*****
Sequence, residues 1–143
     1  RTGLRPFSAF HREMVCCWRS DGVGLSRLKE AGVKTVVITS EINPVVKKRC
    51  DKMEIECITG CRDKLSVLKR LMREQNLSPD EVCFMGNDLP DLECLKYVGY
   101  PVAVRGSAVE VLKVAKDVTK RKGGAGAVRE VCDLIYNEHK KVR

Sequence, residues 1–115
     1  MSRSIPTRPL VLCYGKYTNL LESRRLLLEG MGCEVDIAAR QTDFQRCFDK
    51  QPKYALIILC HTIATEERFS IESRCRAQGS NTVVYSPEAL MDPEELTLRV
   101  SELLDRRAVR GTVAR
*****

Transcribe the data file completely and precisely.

Sequence, residues 1–143
     1  RTGLRPFSAF HREMVCCWRS DGVGLSRLKE AGVKTVVITS EINPVVKKRC
    51  DKMEIECITG CRDKLSVLKR LMREQNLSPD EVCFMGNDLP DLECLKYVGY
   101  PVAVRGSAVE VLKVAKDVTK RKGGAGAVRE VCDLIYNEHK KVR

Sequence, residues 1–115
     1  MSRSIPTRPL VLCYGKYTNL LESRRLLLEG MGCEVDIAAR QTDFQRCFDK
    51  QPKYALIILC HTIATEERFS IESRCRAQGS NTVVYSPEAL MDPEELTLRV
   101  SELLDRRAVR GTVAR